SOCIAL MEDIA POLICY

The following policy can be downloaded by clicking the download button below

CITY OF SALISBURY A & RC SOCIAL MEDIA & ON-LINE POLICY

 

This policy applies to all members of City of Salisbury A & RC and those associated with the club; i.e. athletes, retired athletes, parents/guardians of athletes, coaches and volunteers. With social media forums such as Facebook becoming more popular both with the old and the young, its aim is to provide clarity on what is and what is not appropriate when using social media.

This policy and guidance highlight the key things to remember; clarify the boundaries and potential issues; and empower people to use social media responsibly. It is intended for those who may be unfamiliar with social media, as well as experienced users. When accessing and contributing to social media, you are faced with immediate decisions about acting in a responsible and safe manner. You need to think carefully before you post any comments or opinions and ensure that your usage does not conflict with the values of the club. By keeping these values in mind when using social media, you will be protecting both the Club’s reputation and your own. Social media is not a private forum and often you may think you are posting to a private pre-selected audience, but anyone accessing your posts and contributions can easily copy and forward them on to others, potentially accessing a far bigger audience than you had intended. Once you share something online you lose control of its security, it cannot be taken back and it is no longer private. It is important to remember that what you do online may impact on your membership/association with the club, the reputation of the Club and all those associated with the Club.

To put it simply: Think before you post!

It is quite easy for us to restrict what goes online on the club website but a lot more difficult for social media. Social media consists of online IT platforms where you can generate, contribute, and share content including text, pictures and videos. Here are some examples (this list is not exhaustive):

  • Social networking sites where people can interact with others and share information, usually in real time. For example, Facebook or Linkedin.

  • Video and photo sharing websites which allow interaction but specifically by sharing photos or videos (although they may provide a space for comments). For example, YouTube, Instagram or Flickr.

  • Blogs which allow you to write long accounts of your daily life and/or a specific topic (this could be done through your own website or through a site such as Blogger).

  • Micro-blogging, which is similar to blogs but limits the number of characters you can type. For example, Twitter.

  • Wikis and online collaborations which allow users to easily add, modify, or delete content in an online database and are used for knowledge sharing, note taking and working collaboratively. For example, Wikipedia.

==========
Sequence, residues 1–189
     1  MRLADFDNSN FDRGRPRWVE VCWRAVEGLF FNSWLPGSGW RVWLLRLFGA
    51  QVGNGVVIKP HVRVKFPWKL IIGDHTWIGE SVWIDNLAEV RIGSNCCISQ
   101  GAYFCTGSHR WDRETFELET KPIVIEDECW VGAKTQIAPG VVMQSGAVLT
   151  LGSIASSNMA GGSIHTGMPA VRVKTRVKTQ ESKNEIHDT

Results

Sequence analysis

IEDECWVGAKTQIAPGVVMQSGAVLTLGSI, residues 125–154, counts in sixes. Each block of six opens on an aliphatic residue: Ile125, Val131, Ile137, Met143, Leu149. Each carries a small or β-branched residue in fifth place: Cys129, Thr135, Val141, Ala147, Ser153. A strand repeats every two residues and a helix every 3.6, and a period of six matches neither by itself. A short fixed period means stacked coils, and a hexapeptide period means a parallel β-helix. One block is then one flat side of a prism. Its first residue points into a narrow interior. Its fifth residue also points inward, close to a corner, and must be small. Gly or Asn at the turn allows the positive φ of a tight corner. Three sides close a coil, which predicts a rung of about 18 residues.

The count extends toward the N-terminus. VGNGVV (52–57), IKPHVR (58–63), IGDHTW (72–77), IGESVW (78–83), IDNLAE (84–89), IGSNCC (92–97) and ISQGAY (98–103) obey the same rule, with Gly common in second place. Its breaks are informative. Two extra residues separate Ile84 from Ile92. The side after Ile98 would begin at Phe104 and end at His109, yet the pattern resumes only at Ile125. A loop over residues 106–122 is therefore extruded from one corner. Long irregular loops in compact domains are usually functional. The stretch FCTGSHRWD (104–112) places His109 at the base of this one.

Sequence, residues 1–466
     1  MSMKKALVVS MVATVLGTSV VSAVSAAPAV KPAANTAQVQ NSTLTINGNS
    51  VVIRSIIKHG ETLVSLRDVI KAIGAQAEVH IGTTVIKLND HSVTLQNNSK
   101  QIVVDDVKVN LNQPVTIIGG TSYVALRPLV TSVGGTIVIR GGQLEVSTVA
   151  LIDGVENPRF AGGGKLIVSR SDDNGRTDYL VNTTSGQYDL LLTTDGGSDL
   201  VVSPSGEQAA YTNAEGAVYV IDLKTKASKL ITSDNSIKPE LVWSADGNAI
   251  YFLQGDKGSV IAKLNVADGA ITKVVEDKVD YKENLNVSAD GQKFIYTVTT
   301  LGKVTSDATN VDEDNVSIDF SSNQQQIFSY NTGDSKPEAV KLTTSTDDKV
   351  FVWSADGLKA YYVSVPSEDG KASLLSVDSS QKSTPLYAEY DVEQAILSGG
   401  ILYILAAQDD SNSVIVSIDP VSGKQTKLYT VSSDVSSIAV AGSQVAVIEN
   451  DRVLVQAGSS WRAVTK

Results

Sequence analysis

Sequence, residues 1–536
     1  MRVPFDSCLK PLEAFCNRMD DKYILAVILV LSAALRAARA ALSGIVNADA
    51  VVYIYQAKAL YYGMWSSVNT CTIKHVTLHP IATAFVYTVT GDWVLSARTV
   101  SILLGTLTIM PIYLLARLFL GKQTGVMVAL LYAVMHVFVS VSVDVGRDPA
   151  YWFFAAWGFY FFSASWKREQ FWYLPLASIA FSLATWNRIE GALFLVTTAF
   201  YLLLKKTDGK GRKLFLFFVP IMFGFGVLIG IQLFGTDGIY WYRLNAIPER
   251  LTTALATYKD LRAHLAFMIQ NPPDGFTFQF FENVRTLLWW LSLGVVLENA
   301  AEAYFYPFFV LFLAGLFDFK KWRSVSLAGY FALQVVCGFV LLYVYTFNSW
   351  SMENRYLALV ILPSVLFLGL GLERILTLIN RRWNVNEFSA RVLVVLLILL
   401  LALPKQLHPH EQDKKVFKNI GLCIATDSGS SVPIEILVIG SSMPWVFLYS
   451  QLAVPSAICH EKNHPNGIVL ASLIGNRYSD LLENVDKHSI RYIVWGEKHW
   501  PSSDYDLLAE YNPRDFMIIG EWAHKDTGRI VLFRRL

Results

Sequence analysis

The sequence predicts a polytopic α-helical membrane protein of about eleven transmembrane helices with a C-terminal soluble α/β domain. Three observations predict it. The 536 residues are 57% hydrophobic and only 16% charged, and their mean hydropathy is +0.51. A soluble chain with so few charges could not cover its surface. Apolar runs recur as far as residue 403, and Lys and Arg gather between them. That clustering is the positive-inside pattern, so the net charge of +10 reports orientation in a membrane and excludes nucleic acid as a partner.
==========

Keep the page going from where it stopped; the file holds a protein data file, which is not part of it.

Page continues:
• Online forums and discussion boards where users can hold conversations by posting messages onto the site (some of these are just general topics, and others centre around specific areas of interest). For example, Netmums or online multiplayer games.

  • Online instant messaging applications. For example, Messenger or WhatsApp.

Social media is a great way to engage and communicate with friends as well as share information and experiences with a variety of online communities but it does require user to accept responsibility The very nature of social media means that once posted online, information is in the public domain, could reach a very wide audience and could stay there forever. Apply the same rules of interacting with people in the online community as you would when commenting through any other medium, whether that is putting something on a noticeboard at work or talking to your friends/colleagues in a public place. You are responsible for anything you post online. This includes content which has been added by others but which you may choose to share through your own social media.

If an inappropriate post has been made by someone associated with the Club, you should report this to one of the Club’s Committee members or the Club’s Welfare Officer if this could be affecting young people. Take care not to inflame or implicate yourself in the situation by getting drawn into an online argument.  Show the same respect for others that you would if you were interacting face-to-face. Consider that sometimes actions are amplified online because they are accessible by so many people.

Things to think about before you post:

  • Could your post be perceived differently by other people including those associated with the Club? These may not be your intended audience, but anyone could potentially view your posts.

  • Could it risk the safety or security of you or others? Again, you cannot be certain who is viewing your posts so think about how the information could be used by somebody with a different agenda to yours.

  • Could it affect the personal privacy of others? For example, this could be done by naming somebody in your post.

  • Is social media the appropriate communication channel for what you are trying to say? Whilst using social media can be very effective, sometimes a quick chat, phone call or email might be more appropriate.

  • Could your judgement be temporarily affected? For example, in the heat of the moment.